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Vol. 19, No. 12 Week of March 23, 2014
Providing coverage of Alaska and northern Canada's oil and gas industry

CD-5 work to proceed

Federal judge declines to halt construction of ConocoPhillips Alaska oil project

Wesley Loy

For Petroleum News

A federal judge has denied a motion to stop construction on the CD-5 oil project within the National Petroleum Reserve-Alaska.

The ruling cheered ConocoPhillips Alaska Inc., the project developer. A work stoppage now, smack in the middle of the short winter construction season, would have been enormously troublesome and expensive, the company argued.

U.S. District Judge Sharon Gleason’s March 12 decision comes in a case in which some residents of Nuiqsut, a predominantly Inupiat Eskimo village near the CD-5 site, are suing to challenge the federal permit issued for the project.

In her 12-page order, Gleason questioned the timing of the motion, saying it appeared ConocoPhillips was correct in asserting the village plaintiffs waited to file for an injunction “until the moment it would inflict the maximum possible damage and disruption” on the company.

The ruling applies only to the current winter construction season. Gleason left open the possibility for the villagers to seek injunctive relief for future construction seasons.

Industry expands west

CD-5 takes its name from the nearby Colville River Delta.

It will function as a satellite to the large Alpine oil field, which ConocoPhillips operates in partnership with Anadarko and Petro-Hunt.

In addition to the Nuiqsut villagers, the Center for Biological Diversity also is challenging the CD-5 permit, which the U.S. Army Corps of Engineers issued in December 2011.

Lawyers for ConocoPhillips have called CD-5 an unremarkable project that’s being used as a “proxy” in the debate over oil industry expansion into the western frontier.

CD-5 is poised to become the first oil production drill site inside the vast petroleum reserve. The site, however, is on a private inholding owned by Kuukpik Corp.

ConocoPhillips is aiming for first oil from CD-5 in December 2015, with production expected to peak at about 16,000 barrels per day. CD-5 oil will be piped to Alpine for processing.

ConocoPhillips had a tough time getting the green light for CD-5.

The Corps initially denied the permit, saying the satellite could be a roadless development. ConocoPhillips appealed with support from state officials, and ultimately the Corps issued a permit authorizing construction not only of the drill site, but also a six-mile gravel access road and four bridges.

The challengers question why the Corps reversed position on the permit, and charge the agency failed to conduct a proper, up-to-date environmental impact study.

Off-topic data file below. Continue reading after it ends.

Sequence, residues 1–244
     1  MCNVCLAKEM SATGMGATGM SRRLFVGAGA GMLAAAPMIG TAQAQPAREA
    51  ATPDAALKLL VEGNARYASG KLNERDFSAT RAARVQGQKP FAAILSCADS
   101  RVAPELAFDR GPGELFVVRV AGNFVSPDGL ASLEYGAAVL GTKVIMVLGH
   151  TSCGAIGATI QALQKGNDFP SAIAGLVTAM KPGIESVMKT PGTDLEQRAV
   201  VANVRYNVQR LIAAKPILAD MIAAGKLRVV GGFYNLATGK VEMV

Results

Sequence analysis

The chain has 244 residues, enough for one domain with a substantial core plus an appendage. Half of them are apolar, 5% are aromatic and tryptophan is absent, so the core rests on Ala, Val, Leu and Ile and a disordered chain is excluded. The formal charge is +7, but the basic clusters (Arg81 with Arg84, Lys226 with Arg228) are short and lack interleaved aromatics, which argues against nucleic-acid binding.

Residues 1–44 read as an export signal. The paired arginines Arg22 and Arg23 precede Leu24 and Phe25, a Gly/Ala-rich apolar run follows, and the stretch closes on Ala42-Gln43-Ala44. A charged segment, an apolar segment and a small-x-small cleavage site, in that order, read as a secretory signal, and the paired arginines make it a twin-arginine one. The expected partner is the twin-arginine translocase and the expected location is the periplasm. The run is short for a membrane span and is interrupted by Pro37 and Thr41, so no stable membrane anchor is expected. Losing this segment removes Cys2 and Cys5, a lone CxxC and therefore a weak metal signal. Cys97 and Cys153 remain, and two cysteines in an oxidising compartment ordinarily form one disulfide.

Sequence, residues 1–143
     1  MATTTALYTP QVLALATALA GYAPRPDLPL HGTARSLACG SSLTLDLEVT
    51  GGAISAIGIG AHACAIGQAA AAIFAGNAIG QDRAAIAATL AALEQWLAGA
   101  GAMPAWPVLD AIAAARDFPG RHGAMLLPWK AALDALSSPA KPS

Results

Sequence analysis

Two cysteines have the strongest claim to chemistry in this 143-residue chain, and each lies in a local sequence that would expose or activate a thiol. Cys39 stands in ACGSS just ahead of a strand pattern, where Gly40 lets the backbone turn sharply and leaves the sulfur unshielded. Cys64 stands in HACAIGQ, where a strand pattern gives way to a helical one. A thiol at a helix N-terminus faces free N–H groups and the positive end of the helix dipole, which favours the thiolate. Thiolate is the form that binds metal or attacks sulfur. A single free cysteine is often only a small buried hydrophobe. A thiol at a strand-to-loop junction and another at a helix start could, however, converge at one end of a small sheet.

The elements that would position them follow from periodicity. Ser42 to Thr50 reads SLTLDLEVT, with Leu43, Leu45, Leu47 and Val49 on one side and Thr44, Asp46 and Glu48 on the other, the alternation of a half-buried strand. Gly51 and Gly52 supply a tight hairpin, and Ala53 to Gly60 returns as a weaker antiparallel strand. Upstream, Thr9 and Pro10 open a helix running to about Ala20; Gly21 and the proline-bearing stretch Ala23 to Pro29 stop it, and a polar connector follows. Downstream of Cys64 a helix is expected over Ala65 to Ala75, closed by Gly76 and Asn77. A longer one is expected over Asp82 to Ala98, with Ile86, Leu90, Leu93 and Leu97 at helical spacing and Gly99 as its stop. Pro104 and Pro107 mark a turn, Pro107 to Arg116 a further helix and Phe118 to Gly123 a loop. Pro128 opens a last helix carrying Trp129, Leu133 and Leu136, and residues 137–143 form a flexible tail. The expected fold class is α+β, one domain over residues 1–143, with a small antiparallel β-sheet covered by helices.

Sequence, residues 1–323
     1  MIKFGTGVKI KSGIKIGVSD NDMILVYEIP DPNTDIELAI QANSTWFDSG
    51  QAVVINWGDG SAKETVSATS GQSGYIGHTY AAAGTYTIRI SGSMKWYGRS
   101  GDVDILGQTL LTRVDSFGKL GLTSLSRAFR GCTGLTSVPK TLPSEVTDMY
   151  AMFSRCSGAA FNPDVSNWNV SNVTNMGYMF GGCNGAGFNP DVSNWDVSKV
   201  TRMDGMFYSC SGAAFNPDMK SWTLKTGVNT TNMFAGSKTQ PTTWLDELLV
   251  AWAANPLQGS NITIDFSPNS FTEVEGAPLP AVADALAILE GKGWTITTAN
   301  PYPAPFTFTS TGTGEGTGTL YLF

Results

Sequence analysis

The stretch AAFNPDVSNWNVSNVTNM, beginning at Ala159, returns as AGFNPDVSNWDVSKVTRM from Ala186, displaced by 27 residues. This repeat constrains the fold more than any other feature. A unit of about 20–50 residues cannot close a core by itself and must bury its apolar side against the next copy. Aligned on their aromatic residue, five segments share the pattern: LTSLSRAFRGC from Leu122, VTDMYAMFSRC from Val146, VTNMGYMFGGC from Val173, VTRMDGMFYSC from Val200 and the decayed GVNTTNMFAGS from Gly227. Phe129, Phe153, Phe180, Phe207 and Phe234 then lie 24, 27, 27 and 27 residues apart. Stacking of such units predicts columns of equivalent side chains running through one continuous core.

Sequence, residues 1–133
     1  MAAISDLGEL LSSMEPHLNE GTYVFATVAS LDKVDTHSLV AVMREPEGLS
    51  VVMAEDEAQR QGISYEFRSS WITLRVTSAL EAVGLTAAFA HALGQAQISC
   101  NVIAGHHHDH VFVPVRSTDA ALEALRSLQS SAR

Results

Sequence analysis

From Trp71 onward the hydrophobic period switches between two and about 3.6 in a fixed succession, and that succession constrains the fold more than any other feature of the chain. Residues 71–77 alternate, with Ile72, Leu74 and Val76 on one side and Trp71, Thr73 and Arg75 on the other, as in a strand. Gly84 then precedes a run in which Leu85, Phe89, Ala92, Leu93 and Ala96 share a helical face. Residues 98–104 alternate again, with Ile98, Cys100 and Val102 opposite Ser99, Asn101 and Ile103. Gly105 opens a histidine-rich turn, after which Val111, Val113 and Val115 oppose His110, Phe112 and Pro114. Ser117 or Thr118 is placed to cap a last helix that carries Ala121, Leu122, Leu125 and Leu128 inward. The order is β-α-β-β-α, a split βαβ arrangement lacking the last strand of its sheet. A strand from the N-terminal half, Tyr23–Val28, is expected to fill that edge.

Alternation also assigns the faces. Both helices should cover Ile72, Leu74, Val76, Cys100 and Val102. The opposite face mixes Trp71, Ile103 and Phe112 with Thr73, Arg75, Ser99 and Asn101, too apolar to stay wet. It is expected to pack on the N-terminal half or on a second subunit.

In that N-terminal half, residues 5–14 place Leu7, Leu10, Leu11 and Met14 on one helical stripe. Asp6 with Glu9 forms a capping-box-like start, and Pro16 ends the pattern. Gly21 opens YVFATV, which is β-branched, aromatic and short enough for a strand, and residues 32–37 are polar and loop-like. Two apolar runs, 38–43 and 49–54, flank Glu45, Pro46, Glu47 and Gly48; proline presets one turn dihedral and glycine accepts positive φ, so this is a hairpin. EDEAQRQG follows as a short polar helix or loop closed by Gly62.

The village plaintiffs filed their motion for a temporary restraining order and preliminary injunction on Feb. 5. They argued the construction could cause irreparable harm to the environment and their subsistence way of life.

‘Could not be a worse time’

ConocoPhillips told the judge an injunction halting construction on the remote project could actually increase the chances for environmental degradation. For example, partially finished bridges could be vulnerable to river ice and erosion during spring breakup.

James Brodie, a ConocoPhillips capital projects manager, said in a written declaration “there could not be a worse time to face an unplanned work stoppage than the March to April time frame.”

The project was more than 10 years in the planning, Brodie said. ConocoPhillips started driving bridge pilings on Jan. 17. The company was to open a gravel mine and build 25 miles of ice road and 170 acres of ice pads. As of February, more than 35 million pounds of project materials had been staged.

Interrupting the work would have affected hundreds of workers and put the project “a year behind schedule and massively over budget,” Brodie wrote. Having to mobilize for an extra ice road season would have cost $105 million, he said.

What’s more, Brodie said, a delay on CD-5 would in turn have delayed another planned oil project, known as Greater Mooses Tooth 1, eight miles farther west.

In considering the legal hurdles for an injunction, Gleason found it was “questionable” whether the plaintiffs had shown they were likely to suffer irreparable harm.

They didn’t help their case by waiting until two months after the construction season began to file their motion, Gleason wrote.

Lawyers for the villagers said they filed for the injunction “almost immediately after learning that Conoco had begun construction.”

But Gleason held the plaintiffs weren’t required to wait until construction began to file their motion, particularly where for over two years ConocoPhillips had “consistently declared its intention to begin construction on CD-5 during the 2013-2014 winter.”

Gleason also found that an injunction wasn’t in the public interest. She noted, for example, that “residents from various North Slope Borough communities, including Kuukpik shareholders who live in Nuiqsut, could lose their jobs and income.”



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